In this Fayetteville Observer article, our own Max Borders asks some difficult questions about Medicaid expansion.
One subject he introduces into the debate is that of trade-offs. This concept rarely seems to enter the minds of the welfare state advocates:
Now, consider also that “32.9 percent of (U.S.) adults who are below the poverty level smoke,” according to TobaccoFreeKids.org. This estimate may well be higher in North Carolina — a state that has cheaper cigarettes than many other states. And let’s not forget that Kids’ Care is meant to help cover families up to 300 percent of the poverty level ($61,000 for a family of four). OK, so that’s 33 percent of our lowest-income families who could afford insurance for a child if just one parent gave up smoking. Are there other things lower-income folks might trade off for a child’s health care? Fast food? Lottery tickets? Custom rims? Beer? Xbox games?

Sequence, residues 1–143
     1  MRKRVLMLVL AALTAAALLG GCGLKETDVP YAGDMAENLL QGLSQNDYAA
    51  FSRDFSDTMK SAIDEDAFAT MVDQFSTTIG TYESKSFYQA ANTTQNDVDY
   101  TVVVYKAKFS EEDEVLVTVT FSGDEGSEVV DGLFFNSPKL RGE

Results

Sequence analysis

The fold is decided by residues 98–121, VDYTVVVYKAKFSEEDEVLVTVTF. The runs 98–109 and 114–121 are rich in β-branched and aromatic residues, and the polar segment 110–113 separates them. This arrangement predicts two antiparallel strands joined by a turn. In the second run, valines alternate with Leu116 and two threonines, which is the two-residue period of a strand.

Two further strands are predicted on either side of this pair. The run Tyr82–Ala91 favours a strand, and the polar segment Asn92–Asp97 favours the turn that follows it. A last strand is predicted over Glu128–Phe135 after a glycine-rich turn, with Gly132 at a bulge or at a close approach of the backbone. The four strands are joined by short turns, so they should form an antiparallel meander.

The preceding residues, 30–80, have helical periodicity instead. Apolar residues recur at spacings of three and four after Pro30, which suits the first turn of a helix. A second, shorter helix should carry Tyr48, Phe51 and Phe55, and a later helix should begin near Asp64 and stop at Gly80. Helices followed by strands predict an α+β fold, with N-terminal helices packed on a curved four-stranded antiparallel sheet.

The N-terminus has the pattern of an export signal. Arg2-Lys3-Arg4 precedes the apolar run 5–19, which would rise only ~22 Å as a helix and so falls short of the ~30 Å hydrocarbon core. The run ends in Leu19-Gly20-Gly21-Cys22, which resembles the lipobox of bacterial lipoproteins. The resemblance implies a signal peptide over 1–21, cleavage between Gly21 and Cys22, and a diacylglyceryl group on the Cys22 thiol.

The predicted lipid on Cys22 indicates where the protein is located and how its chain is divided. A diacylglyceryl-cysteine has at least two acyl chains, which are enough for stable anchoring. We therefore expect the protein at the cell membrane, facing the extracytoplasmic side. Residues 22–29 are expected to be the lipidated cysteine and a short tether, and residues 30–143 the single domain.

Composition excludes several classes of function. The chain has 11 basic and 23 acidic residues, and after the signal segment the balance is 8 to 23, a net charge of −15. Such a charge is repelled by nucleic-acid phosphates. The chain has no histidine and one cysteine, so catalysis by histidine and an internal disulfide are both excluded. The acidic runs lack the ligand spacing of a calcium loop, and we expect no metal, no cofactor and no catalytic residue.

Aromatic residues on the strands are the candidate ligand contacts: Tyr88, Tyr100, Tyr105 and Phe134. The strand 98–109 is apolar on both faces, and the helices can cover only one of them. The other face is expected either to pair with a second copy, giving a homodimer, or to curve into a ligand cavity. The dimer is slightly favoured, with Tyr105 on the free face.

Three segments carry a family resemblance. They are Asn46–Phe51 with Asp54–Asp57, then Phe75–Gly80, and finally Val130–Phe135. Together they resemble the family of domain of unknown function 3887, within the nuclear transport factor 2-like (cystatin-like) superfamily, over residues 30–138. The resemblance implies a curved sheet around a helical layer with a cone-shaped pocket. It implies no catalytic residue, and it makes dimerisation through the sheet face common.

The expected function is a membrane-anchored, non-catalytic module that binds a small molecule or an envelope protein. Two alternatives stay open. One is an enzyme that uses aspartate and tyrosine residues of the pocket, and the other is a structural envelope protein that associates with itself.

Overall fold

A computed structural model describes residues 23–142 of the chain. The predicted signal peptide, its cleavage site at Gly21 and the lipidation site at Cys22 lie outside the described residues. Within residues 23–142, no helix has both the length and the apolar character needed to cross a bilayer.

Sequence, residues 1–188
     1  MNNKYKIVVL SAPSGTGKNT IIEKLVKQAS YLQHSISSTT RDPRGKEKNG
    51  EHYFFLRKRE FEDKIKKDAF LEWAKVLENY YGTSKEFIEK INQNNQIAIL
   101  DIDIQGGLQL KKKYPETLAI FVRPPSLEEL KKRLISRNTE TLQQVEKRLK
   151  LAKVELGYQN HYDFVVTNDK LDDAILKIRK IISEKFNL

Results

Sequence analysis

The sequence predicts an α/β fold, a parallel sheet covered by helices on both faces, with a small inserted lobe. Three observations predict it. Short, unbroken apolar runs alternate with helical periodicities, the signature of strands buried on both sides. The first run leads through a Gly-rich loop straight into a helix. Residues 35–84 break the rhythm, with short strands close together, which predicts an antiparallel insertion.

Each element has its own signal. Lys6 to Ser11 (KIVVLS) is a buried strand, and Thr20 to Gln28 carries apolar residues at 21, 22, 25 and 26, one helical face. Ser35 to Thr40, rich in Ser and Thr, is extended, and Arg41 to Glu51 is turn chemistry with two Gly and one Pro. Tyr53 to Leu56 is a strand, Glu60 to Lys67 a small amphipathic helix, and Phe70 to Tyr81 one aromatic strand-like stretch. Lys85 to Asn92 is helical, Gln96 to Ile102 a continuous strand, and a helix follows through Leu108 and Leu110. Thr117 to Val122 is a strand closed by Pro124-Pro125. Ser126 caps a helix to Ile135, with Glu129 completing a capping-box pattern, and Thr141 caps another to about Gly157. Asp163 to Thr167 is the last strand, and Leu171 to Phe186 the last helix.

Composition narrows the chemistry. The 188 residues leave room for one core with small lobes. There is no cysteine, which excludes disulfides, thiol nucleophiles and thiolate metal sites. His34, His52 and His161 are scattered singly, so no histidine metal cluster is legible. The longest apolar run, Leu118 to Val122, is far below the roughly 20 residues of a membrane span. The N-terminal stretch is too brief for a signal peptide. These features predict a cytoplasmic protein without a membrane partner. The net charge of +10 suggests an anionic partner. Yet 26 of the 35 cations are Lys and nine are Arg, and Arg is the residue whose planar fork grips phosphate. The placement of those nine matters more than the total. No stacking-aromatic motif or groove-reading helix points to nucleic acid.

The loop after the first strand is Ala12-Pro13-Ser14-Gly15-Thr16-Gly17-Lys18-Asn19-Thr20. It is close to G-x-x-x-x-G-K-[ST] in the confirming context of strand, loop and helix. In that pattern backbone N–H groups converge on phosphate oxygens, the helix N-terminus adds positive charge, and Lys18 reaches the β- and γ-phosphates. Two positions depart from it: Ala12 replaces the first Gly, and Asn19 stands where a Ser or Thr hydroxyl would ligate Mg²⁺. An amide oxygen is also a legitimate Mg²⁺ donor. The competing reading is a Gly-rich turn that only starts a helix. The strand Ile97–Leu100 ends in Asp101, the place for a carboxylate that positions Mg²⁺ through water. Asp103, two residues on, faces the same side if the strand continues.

A major unintended consequence of expanding Medicaid is the disincentive it provides for people to climb the career ladder. In certain cases, the end result of you earning more money at your job is less money in your pocket:
Health care expert Michael Cannon of the Cato Institute illustrates this wage-trap starkly: “Suppose a single mother of two small children in New Mexico has an opportunity to increase her annual earnings from $25,000 to $29,000. According to the federal government, the additional taxes and the gradual loss of government aid would cause her income to go up by only $200. If she increased her earnings to $31,000, her income would actually go down by $2,700.” Proposals such as N.C. Kids’ Care actually create greater disincentives to work.